For some people, a glass of wine, a beer, or a cocktail can lead to an eczema flare. There currently isn’t much research to explain why alcohol can bring on redness or discoloration and itching, but that doesn’t make the symptoms any less real for people who have them.
This article explores the connection between alcohol and eczema. It also touches briefly on the science behind drinking and flare-ups in other inflammatory skin conditions — and what you can do to calm your irritated skin.
The simplest answer to that question is — maybe. Researchers who study eczema have not consistently found that alcohol triggers flares.
Second, the researchers reported that drinking alcohol during pregnancy can raise the risk that the baby will later develop eczema.
On the other hand: The inflammation, itch, and infection connection
When your body breaks down alcohol,
Alcohol use can also affect your skin barrier. Your skin barrier is a protective layer that holds in water and keeps out germs and irritants. For people with eczema, the skin barrier may already be vulnerable. Alcohol can change the makeup of your skin barrier, which may lead to the loss of moisture, a
Eczema and alcohol use disorder
Here’s another research result worth noting. There’s some
It’s also important to understand that when people have an alcohol use disorder, their skin can be more prone to injury and infection, according to a
Your own symptoms are what matters
Despite the lack of clear evidence from scientific studies, some people do report that their eczema symptoms get worse if they drink. If you find that your symptoms worsen when you have an alcoholic beverage or two, it’s important to pay attention to your own body’s signals.
Many people report that what they eat and drink affects their eczema symptoms. Some of the foods most likely to cause health concerns are soy, wheat, eggs, peanuts, rice, fish, and milk.
Eczema is an inflammatory skin condition. It may be calm and manageable for long periods. Then stress, allergens, and other triggers could lead to a flare-up where you experience more redness or discoloration, burning, itchiness, and oozing.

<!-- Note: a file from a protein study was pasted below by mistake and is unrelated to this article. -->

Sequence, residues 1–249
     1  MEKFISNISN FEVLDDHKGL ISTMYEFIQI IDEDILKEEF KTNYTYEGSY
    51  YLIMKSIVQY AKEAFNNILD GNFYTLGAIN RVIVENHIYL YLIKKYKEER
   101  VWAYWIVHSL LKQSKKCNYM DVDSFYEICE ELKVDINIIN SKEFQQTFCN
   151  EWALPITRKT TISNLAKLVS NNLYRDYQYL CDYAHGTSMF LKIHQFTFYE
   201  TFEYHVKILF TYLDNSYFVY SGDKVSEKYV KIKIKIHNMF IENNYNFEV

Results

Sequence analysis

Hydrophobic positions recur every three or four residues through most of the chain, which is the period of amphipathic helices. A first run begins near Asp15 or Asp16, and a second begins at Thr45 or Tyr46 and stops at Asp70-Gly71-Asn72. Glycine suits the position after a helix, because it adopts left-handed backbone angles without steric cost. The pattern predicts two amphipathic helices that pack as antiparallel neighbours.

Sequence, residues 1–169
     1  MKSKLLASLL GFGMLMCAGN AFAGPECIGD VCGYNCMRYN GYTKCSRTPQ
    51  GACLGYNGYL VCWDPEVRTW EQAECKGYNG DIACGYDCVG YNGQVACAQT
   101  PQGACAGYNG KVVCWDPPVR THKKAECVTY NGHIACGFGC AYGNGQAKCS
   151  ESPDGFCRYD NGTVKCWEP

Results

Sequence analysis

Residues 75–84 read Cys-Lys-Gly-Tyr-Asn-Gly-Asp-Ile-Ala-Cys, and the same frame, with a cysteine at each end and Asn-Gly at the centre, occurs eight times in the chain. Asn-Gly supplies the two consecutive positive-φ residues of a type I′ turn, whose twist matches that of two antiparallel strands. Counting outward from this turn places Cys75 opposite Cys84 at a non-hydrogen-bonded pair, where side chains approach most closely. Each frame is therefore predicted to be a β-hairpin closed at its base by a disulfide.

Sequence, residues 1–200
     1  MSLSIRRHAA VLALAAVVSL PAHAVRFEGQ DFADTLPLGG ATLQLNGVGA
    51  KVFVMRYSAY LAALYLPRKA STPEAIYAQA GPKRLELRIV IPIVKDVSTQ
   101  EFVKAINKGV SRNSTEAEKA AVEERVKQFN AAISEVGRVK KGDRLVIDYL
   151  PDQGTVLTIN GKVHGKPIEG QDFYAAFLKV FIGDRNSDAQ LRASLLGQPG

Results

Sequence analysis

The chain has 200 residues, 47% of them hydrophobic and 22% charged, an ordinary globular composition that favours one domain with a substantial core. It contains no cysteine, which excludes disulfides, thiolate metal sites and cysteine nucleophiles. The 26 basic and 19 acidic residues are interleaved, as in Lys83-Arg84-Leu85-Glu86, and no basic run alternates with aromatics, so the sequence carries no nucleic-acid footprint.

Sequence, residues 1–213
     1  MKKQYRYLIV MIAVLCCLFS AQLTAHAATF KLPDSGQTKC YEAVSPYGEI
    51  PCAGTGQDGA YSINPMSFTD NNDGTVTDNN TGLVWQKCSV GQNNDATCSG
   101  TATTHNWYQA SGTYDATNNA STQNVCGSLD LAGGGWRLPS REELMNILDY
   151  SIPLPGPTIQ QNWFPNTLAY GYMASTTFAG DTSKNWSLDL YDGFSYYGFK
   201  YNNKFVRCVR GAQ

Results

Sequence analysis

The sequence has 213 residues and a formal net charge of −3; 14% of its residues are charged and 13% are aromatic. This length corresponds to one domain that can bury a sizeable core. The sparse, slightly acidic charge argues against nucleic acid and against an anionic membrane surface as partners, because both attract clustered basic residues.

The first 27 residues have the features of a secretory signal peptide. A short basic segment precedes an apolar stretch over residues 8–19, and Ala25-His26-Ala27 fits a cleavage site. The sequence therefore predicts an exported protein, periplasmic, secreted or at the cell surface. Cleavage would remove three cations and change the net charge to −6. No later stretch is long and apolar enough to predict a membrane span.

For now, there isn’t a cure, but there are many effective ways to deal with symptoms.
If you notice that your eczema symptoms are getting worse, you may want to keep a journal to track your body’s response to what you’re eating and drinking. Note the type of alcohol you’ve had and whether certain amounts or types change the intensity of your symptoms.
You can also try eliminating alcohol from your diet to see if symptoms improve. If you’re drinking because you’re feeling stressed, it could be the stress rather than the alcohol that’s causing a health concern.
Your healthcare professional can diagnose eczema by examining your skin and asking you questions about the nature of your symptoms. To be sure your symptoms aren’t being caused by another allergy, skin tests might be necessary.
If you’re in the middle of an intense eczema flare, you may want to talk with a healthcare professional to see if your current treatment strategy needs a change. Some treatment options include:
- emollient moisturizers to help lock in moisture and repair your skin barrier
- quick, daily baths to ease discomfort and itching
- wet wraps to soothe irritated or itchy areas
- over-the-counter cortisone creams or oral antihistamine medications to help manage itching
- prescription corticosteroids and calcineurin inhibitors to reduce inflammation
- biologics, which are antibody treatments to calm an overactive immune response
- antibiotics if you have a skin infection
- phototherapy (ultraviolet light therapy) to heal inflamed skin
Eczema is considered a chronic (long-term) health condition. That means you may have symptoms off and on for many years.
The good news is that eczema symptoms can often be managed with daily care and medications to prevent and treat flares.
Even with treatment, you may notice some long-lasting changes to areas of your skin that have been affected by eczema. The color of your skin could be darker in patches, and you may notice some thickening in places where you’ve scratched or rubbed a lot.
Keeping up with your treatments is important because people with eczema are more likely to develop viral and bacterial infections. Some infections can be serious or even life threatening.
There’s no clear scientific evidence that drinking alcohol will cause an eczema flare. Still, many people say that when they drink, their symptoms get worse.
That may be because alcohol can stimulate inflammation throughout your system. It could also be because your body releases itch-causing histamines when it breaks down alcohol. Or it could be that alcohol temporarily dries out your skin, making your symptoms feel worse.
If your eczema symptoms suddenly worsen, talk with your healthcare professional to pinpoint the triggers and find ways to prevent and treat your symptoms. The flares may come and go, but knowing your triggers can help you prolong the calm periods in between.